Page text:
4.) Quality Time: I know there are lots of ways of creating amazing moments for quality time. For us playing board games is one of those ways. When ever we finish playing a game there is this sense of bonding that has occurred. We immediately begin talking about that awesome move someone made, or how close so and so was to winning. There is a real satisfaction that comes about from playing board games. It is palpable and you know it has filled up your family’s quality time tank.
5.) It is fun: Yup, this is probably the top reason why you should play board games. They are just plain ole fun!
To close out this post I wanted to share some of our families favorite games. We definitely have some individual and family favorites. These are a lll games we play with as a family. Claire is now 6 and can handle all of these. As mentioned before, Cecilia (2 years old) “plays with mommy and daddy”. Cecilia doesn’t quite have the capacity that her older sister had at two years old. It is what it is, but Cecilia can spin things, roll the dice and move pieces.
Here’s a list of our favorite games to play as a family:
Two months ago I left my job in Youth Ministry. All of my adult life I have worked in ministry. I am part of a very small group of people that will ever be able to say that. A ministry job is unique in many ways. There is the typical workload, worries and “gotta get it done” activities that all jobs have. However, there is this deep human element that quite literally touches the soul. There is a level of intimacy that is built with people that goes so much deeper and farther. I really loved it.
So why did I leave you ask? Two reasons: 1) God said so. 2) I hit a financial ceiling.
As I referenced in my last post we’ve been doing lots of discerning in our household. The jobbie job discernment started about two years ago. Ministry was going great! My assistant had completed a full year and wanted to stay (thank God!). She is a go-getter and because of her, we were able to expand our ministry in a new way. All of our programs were doing well, families were happy and students were growing in their faith—all things that a Youth Minister hopes for.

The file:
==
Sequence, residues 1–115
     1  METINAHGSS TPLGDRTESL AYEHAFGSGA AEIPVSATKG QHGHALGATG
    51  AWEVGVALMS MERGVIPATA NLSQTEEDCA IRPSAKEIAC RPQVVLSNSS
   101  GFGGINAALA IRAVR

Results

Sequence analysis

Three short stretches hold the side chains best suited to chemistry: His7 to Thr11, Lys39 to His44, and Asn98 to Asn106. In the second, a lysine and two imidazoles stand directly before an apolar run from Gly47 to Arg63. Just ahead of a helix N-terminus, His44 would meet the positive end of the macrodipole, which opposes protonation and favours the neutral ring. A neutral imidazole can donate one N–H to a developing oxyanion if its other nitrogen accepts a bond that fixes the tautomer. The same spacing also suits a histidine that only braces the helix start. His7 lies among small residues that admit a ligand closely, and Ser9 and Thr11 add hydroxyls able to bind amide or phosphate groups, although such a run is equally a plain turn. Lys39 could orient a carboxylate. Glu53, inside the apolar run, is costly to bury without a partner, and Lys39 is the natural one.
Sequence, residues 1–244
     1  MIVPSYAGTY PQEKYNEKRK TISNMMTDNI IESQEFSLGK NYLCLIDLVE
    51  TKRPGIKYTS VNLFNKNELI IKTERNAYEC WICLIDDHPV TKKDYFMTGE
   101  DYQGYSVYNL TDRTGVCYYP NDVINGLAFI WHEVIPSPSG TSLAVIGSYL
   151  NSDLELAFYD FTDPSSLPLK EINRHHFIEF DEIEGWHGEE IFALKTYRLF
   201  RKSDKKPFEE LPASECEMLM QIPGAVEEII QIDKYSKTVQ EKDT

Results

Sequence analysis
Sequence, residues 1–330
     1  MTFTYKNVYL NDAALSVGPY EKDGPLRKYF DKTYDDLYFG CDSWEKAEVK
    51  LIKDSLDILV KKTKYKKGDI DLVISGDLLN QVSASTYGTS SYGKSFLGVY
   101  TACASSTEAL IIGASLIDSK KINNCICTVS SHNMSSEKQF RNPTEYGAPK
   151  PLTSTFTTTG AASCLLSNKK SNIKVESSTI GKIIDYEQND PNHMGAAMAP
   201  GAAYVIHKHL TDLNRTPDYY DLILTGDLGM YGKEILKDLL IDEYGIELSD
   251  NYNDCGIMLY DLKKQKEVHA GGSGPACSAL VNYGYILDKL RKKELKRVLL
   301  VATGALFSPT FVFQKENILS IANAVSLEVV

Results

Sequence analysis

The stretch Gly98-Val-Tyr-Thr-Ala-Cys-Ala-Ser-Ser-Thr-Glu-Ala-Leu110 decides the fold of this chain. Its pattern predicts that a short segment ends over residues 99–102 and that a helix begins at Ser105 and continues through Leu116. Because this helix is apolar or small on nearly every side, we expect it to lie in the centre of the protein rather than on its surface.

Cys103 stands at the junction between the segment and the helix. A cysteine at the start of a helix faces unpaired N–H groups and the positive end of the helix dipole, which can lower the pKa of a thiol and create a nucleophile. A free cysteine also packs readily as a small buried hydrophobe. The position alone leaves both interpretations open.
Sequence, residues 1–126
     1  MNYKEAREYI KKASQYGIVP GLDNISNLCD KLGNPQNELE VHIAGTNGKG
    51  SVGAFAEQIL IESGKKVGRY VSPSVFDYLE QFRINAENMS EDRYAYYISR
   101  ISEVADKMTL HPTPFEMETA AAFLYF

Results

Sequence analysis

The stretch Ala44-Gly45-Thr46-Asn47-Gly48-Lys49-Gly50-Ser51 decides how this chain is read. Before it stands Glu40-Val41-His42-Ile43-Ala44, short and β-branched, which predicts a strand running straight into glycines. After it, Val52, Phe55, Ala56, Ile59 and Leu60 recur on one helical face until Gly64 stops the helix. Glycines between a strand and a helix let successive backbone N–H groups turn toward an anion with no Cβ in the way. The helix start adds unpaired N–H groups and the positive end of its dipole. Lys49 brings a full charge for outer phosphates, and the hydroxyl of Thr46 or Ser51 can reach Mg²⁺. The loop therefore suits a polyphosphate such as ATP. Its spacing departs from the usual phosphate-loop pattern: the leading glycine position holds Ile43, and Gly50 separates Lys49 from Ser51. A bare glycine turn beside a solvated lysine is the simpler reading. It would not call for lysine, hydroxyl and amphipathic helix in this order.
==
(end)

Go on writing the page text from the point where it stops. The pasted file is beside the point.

One day I found myself hearing God say, “It’s time to move on.” Now, this wasn’t an audible voice. It was more of an interior thing. I wont go into too much detail here, but being someone who seeks to do Gods will you start to understand how God speaks to you. God definitely speaks to all of us. Unfortunately, many of us don’t pay enough attention to recognize the way He is communicating. I have not been perfect at this, but once I recognized howGod spoke to me it became very easy to recognize whenHe spoke. I’ll write more about this some other time. For the sake of this story, God spoke and in typical biblical fashion, I responded with, “no, Lord! You must be mistaken.”
Everything was going so well. Why would it be, “time to move on”? Again in typical biblical fashion, I ignored the voice of God and continued to do what I thought right. **Note this never ends well. **As the weeks went by I continued to get this sense from God that it was time to move on. Finally, I stopped fighting Him and began a discernment process. Discernment has many elements to it, but for the most part, it’s a consistent process. Here is one of my favorite sites that show you a step-by-step process for discerning.